A new report from the State Education Technology Directors Association (SETDA) points to the importance of shifting K-12 schools in the United States from printed textbooks to digital educational resources. The report released today, Out of Print: Reimagining the K-12 Textbook in a Digital Age, delves into the benefits of digital and open educational resources, profiles several states that have already started making the shift, outlines the factors required for successful deployment of digital resources, and provides recommendations for meeting students’ needs.
According to the report, digital content is more flexible and cost-effective than print materials such as textbooks. Digital resources can be updated easily without the cost of reprinting. They are available anytime, anywhere for students and teachers to access in the classroom or at home. They can be personalized to meet the individual needs of students. And they allow for richer content, including high-definition graphics, videos, simulations, interactive lessons, virtual labs, and online assessments.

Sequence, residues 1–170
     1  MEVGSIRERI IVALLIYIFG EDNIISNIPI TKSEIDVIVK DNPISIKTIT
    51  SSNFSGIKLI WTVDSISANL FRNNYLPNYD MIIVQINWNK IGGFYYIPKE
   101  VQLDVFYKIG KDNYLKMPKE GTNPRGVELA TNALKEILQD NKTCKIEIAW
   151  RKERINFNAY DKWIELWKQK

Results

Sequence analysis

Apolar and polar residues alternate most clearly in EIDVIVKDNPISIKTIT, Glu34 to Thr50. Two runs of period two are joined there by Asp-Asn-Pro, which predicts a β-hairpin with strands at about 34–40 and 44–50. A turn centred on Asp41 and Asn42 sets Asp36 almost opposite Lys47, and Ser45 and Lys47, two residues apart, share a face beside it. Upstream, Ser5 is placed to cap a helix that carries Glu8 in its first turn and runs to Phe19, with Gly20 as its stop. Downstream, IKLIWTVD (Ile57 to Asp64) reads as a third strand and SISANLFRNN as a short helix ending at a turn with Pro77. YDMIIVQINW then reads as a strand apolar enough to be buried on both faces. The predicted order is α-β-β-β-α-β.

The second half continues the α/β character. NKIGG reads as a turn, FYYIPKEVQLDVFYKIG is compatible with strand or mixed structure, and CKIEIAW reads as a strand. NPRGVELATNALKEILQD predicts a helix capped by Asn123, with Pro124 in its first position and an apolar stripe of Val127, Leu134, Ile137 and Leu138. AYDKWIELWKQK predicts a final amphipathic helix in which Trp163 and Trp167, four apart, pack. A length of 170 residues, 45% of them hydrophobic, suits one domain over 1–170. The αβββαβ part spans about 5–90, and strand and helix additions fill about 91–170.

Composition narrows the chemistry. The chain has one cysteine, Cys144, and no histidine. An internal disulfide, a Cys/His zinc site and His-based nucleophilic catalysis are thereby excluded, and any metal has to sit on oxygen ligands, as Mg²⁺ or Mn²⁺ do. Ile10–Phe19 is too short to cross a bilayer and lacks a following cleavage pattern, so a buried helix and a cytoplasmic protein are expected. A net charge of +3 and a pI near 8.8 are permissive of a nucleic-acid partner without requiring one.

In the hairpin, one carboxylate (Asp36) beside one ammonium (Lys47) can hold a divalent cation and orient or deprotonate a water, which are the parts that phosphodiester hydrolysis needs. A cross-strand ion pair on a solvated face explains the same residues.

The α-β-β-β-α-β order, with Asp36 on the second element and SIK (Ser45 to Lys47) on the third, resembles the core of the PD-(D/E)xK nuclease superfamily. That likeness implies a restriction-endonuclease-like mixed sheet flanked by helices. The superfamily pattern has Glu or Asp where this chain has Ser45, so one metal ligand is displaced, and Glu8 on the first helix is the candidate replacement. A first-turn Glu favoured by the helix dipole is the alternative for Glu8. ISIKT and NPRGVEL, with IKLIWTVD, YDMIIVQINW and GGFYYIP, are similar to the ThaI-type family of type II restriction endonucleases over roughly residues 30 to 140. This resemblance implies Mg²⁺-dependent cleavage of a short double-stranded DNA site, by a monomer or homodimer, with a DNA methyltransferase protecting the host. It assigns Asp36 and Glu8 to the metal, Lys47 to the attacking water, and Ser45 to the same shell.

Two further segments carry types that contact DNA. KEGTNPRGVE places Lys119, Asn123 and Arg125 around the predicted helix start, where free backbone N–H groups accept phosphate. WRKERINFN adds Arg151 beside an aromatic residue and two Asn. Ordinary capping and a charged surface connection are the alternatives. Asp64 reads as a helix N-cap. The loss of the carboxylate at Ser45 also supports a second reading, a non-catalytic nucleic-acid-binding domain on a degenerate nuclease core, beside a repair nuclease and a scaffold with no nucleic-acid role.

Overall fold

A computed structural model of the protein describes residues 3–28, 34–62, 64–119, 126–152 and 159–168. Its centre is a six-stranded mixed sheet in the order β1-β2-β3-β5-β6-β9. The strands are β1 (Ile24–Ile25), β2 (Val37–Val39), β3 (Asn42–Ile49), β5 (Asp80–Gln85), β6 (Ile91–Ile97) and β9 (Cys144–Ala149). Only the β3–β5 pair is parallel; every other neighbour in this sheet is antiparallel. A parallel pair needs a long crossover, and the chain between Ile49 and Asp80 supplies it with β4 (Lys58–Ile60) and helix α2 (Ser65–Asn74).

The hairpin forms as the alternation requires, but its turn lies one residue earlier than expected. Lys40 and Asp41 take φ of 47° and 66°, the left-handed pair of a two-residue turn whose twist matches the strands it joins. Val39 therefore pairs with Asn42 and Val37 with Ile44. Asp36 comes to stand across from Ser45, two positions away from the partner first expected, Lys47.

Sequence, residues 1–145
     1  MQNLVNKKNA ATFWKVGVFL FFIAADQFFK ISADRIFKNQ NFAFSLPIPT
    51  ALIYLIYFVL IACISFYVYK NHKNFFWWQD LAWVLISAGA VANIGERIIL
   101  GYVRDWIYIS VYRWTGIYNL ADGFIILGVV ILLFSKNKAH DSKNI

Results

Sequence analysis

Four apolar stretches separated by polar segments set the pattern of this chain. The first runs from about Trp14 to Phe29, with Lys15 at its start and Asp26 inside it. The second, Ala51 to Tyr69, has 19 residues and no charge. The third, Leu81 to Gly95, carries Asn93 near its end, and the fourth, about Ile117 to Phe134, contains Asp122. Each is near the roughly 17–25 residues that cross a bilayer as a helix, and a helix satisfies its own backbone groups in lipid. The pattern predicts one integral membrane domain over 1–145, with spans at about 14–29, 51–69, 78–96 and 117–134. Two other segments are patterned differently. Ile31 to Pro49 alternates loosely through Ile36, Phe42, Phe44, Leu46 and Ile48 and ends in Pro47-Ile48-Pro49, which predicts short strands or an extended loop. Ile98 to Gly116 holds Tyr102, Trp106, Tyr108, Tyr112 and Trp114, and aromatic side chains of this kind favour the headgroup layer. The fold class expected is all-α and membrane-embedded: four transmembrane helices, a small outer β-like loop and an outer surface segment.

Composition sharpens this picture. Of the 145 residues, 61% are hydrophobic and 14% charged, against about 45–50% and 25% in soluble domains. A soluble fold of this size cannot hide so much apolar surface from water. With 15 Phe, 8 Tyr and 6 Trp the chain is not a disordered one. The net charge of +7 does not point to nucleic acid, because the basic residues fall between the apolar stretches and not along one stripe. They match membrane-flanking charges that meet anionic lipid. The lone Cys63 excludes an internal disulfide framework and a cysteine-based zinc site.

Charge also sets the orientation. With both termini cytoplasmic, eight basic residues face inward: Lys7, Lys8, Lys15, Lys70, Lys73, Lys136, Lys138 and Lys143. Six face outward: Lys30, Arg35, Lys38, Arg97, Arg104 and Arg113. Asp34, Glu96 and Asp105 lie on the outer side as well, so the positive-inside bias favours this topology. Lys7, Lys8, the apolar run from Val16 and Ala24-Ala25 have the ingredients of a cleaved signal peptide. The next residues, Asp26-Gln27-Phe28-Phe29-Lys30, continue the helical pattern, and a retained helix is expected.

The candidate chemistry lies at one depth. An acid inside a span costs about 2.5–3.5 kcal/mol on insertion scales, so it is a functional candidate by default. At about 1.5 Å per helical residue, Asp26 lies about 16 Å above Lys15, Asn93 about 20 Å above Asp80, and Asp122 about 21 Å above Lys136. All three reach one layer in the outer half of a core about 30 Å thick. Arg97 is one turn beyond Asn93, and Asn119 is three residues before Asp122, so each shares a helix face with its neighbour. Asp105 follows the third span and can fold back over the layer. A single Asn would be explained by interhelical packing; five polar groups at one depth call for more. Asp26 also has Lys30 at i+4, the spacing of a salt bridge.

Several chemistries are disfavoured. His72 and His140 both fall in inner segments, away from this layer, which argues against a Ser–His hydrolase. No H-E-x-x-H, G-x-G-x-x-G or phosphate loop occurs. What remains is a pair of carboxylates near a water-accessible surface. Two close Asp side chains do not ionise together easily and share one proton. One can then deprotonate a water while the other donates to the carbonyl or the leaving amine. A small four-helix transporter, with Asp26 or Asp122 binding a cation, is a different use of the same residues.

The report indicates that 22 states have already opened the doors to digital educational resources, either by changing their definition of textbooks to include digital resources and consequently make funding available to purchase those types of materials, or by launching digital textbook or open educational resources initiatives. However, the report points out that these policy changes alone are insufficient to ensure that the shift to digital resources takes place in a manner that is conducive to student achievement and engagement.
Read more about issues that states and school districts must address when implementing a digital or open educational resources policy: Report Recommends Shift to Digital Educational Resources Within 5 Years — THE Journal.